I am grateful that people still bother to read blogs (now and then, but not as often as it once was, alas) and that they even bother to read mine, and then, take the time to leave comments. It makes blogging feel more like a public act of writing, as opposed to a private notebook posted for others to look at. I wish I were better at using comments to start larger conversations.

Certainly, social media platforms have overtaken blogging in many ways. People (and not just the young kids) are more apt to use Facebook, Twitter, Instagram, Snapchat, Tumblr (sort of a blog), and more, and the decline of RSS readers (I still use one) as a way to gather aggregated feeds from blogging writers and educators is less a reading experience for many. Blogging isn’t dead, not by a long shot, but it has faded a bit into the busy background of the social media landscape.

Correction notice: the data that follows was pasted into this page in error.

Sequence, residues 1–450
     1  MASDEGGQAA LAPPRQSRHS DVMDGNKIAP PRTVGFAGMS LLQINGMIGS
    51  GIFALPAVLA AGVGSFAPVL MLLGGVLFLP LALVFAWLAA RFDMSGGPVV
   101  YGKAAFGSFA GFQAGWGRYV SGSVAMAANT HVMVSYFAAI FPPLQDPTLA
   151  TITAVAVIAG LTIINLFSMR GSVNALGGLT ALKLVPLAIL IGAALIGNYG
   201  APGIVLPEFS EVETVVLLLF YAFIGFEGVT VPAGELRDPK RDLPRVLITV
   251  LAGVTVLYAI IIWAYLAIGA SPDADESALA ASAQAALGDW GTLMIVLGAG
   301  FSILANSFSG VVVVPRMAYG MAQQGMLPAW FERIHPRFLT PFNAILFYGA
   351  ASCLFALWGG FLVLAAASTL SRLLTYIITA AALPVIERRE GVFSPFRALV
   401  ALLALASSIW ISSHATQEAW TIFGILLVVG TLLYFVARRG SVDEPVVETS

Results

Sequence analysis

So, if you have left a comment here sometime in the last 12 years, thank you. See you at 20,000 comments in about 12 more years … right?

Peace (making note of it),
Kevin

Poems with Bud: An Image Inspiration for Every Day Writing


Pencil Sculpture flickr photo by listingslab shared under a Creative Commons (BY) license

I hope you have places to write poems. For me, this month, it has been over at Bud Hunt’s blog. Years ago, he and I used to riff off images he left there, pictures to inspire poems.  He’s doing it again this year, and even as it seems as if he and I are the only ones writing at his site some mornings, still I write. He does, too. The image above was what greeted me this morning. Neat, right?